“Having said that, it’s all about being trusting with each other,” he added. “If there’s no trust involved with the relationship, it’s not going to work.
“And as you can see, we’re moving along, so there is trust here.”
Although not a member of the Fort Frances Chiefs Secretariat, Lac Des Mille Lacs First Nation also was a signatory to the agreement.
“I believe that this resource benefit sharing agreement is a good one, is a fair one, it’s a respectable one, and it’s something that I think that our grandfathers and mothers that are here listening today are pleased,” said Lac Des Mille Lacs First Nation Chief White Cloud Judy Maunula.
“And I hope that our children, when they look back on this day, say it was a good day.
“I think it is a fair and good document, otherwise I wouldn’t be here today to sign it,” Chief Maunula added.
“I believe that the company that we’re dealing with, Osisko, is a respectful and a reputable organization, otherwise I would not be here today to sign.
“We do feel very strongly that we are the caretakers and protectors of Mother Earth, and the resources that the Creator has put here for our use and our benefit, we take that responsibility very seriously,” she stressed.
Speaking afterwards with the Times concerning the Hammond Reef gold project’s timeline, Roosen noted Osisko is looking to finish the drill program by the third quarter of 2011 and from there move into the pre-feasibility and feasibility study, with permitting running alongside this.
If things go positively, site preparation could begin in 2010 and construction in 2013, with the mine up and running by 2015-16.
While she hasn’t seen the exact terms of the agreement, Treaty #3 Ogichidaawke Diane Kelly said in her statement at the ceremony that it sounds “very promising,” referring to the principles surrounding Treaty #3’s resource law when it comes to resource sharing and development.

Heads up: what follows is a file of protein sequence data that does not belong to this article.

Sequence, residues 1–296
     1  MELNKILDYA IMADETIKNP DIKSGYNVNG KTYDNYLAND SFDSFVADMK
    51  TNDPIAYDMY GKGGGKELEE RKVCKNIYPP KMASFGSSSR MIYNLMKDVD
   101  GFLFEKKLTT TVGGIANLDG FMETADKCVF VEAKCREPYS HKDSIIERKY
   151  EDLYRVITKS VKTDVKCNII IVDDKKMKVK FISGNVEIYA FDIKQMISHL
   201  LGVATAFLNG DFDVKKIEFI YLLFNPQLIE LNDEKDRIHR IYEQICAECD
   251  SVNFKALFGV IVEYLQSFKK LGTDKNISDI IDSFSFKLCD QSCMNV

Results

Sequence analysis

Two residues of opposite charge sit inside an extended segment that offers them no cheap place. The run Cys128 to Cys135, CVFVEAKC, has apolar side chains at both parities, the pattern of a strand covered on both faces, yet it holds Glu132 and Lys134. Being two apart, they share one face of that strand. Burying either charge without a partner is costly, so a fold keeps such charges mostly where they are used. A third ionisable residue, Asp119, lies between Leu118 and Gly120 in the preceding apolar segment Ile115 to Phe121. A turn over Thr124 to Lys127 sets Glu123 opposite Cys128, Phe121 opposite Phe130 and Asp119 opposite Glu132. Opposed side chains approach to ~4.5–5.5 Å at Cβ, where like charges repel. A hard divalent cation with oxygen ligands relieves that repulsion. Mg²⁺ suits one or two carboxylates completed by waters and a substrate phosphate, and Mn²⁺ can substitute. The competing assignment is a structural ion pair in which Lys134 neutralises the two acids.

“I think it’s really important that we talked about the sustainability of the land, the future for
tomorrow,” she noted.
“We’re at the exciting time in some way here in Treaty #3 territory because there’s a gold rush and there’s so many opportunities for our communities to benefit in the resources that we have.
“But it’s also a time to be very cautious because when we think of all the number of companies that want to come into the territories and enter partnerships and extract resources, we could be here for a time where we have too much extraction,” Ogichidaawke Kelly warned.
“We don’t want to have a time where we have our land not be sustainable for the future,” she stressed.
She also said the relationship that has developed through Brett Resources, and then Osisko, with the Fort Frances Chiefs Secretariat and Lac De Mille Lacs First Nation is one that “should be representative probably as best practice for other industry that’s looking to do business in the Treaty #3 territory.”
Also speaking here Friday was Atikokan Mayor Dennis Brown, who called it an “exciting day” for First Nations, Osisko, and all the area municipalities.
Mayor Brown also spoke on behalf on Northern Development, Mines and Forest minister Michael Gravelle, who could not be present, offering his congratulations and statements.
“Today is truly a special and a historic day,” stated Mayor Brown, commending both groups for “moving forward in an atmosphere of mutual respect, dialogue, and involvement with each other.”
The signing is another step on the journey towards improving the economic conditions of the area, added Mayor Brown, also thanking Chief Klyne and the Seine River Band for the funding they provided to help build the road to the Hammond Reef mine site.